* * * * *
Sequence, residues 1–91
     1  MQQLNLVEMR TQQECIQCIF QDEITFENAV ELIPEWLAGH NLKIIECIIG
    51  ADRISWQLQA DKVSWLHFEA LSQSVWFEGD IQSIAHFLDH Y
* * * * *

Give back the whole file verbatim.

Sequence, residues 1–91
     1  MQQLNLVEMR TQQECIQCIF QDEITFENAV ELIPEWLAGH NLKIIECIIG
    51  ADRISWQLQA DKVSWLHFEA LSQSVWFEGD IQSIAHFLDH Y